About 10 to 15 years ago only top level teams used computer assisted video annotation systems to analyze sport games and training sessions. The progress in hardware and software development made it happen that nowadays this technique is used even at amateur level. Pointing to another analysis technique we have at present similar conditions than in the situation described above. Very expensive video based position tracking systems are used by few of the top teams worldwide to analyze their game play and GPS-systems are applied to analyze training sessions of outdoor sports. Radio wave based tracking systems are currently not wide spread for performance analysis but they could dominate the future. By tendency radio wave sensors become smaller and cheaper in the next years and radio wave based tracking systems are much less service intensive than other systems. Looking forward, this kind of tracking system could be a worthwhile alternative to analyze games and training sessions of game sports for many teams. This presentation gives an overlook on the preparatory work of installing an industrial radio wave based tracking system (www.ubisense.net) for game sports analyses, outlines current results and looks ahead to future works.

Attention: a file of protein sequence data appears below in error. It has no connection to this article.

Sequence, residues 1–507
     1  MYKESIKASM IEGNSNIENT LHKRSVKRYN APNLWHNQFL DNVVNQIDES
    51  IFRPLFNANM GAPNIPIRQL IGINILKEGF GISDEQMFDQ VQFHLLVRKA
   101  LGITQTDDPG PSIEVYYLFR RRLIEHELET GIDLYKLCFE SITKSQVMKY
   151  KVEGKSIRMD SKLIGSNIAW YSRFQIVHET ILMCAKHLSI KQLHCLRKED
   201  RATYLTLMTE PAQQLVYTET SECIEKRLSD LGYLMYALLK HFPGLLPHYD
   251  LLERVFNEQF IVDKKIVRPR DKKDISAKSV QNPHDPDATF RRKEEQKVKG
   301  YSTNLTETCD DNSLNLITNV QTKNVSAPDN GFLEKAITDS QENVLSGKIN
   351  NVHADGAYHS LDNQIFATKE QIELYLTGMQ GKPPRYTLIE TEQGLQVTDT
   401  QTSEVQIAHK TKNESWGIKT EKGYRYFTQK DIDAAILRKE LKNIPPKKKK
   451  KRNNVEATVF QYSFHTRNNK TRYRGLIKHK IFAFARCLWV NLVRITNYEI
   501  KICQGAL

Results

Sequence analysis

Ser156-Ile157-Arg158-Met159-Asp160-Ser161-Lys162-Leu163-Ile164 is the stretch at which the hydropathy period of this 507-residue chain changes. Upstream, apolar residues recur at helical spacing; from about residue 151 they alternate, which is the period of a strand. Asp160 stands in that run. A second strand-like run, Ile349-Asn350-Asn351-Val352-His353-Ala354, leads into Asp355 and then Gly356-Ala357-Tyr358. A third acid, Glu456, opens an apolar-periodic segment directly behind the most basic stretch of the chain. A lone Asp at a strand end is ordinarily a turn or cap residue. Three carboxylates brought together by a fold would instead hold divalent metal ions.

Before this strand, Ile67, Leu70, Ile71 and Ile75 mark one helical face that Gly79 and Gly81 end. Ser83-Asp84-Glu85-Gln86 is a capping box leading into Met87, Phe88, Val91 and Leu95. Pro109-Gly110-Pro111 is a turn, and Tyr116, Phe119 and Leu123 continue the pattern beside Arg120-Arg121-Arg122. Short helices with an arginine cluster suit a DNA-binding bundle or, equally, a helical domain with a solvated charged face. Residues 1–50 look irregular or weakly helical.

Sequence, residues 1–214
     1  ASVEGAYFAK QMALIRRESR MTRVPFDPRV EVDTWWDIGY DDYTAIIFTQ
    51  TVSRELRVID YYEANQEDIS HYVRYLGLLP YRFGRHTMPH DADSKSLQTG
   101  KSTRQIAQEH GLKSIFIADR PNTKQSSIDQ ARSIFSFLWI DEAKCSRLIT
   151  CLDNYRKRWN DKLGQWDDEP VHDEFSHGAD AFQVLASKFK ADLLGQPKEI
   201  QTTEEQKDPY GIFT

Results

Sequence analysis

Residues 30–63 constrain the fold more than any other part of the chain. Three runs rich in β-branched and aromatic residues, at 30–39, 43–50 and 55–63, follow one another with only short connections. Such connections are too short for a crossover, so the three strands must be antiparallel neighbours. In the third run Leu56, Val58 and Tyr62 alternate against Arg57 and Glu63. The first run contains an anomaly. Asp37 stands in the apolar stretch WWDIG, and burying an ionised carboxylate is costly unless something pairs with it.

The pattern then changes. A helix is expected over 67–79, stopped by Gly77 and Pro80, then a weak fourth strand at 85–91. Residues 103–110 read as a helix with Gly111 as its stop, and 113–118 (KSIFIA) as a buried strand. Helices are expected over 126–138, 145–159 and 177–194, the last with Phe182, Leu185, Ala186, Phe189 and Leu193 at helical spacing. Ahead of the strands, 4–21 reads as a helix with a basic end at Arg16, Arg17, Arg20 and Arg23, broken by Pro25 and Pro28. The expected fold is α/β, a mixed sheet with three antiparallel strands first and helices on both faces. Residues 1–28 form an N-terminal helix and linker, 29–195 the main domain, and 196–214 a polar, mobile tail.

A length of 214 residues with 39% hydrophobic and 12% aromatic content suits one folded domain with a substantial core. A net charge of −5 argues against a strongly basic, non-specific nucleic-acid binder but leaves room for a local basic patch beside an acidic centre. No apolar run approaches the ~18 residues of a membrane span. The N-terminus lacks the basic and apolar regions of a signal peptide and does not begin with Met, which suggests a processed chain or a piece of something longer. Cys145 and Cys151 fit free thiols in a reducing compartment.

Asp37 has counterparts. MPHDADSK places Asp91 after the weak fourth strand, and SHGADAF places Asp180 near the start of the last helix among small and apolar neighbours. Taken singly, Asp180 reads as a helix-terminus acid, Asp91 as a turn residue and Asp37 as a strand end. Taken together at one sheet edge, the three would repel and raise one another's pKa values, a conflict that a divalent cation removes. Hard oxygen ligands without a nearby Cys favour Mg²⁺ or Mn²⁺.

In his talk Roland gave an excellent exposition of how to develop a position tracking system.

He noted systems such as Tracab and Catapult. He discussed radio wave systems too, including Ubisense (tag) and InMotio LPM (transponder).

In choosing a system for use in his research Roland identified these criteria:

Off the shelf availability of a system:

  • Price
  • Sensor size
  • Sampling rate
  • Accuracy
  • Robustness (hardware, signal, definition of player)
  • Application in training and game play
  • Opponent agreement within competition

Roland discussed the use of an Ubisense system. To date this system has not been used extensively in sport. He demonstrated the installation of the system in a sports hall. Ubisense has a 160hz facility that is not common with other Ubisense clients. The hall is calibrated and then checked for accuracy of measurement. The system allows some for data filtering (low pass and Kalman). Roland noted the development of software tools for the system to enable data visualisation (including heat maps) and performance analysis.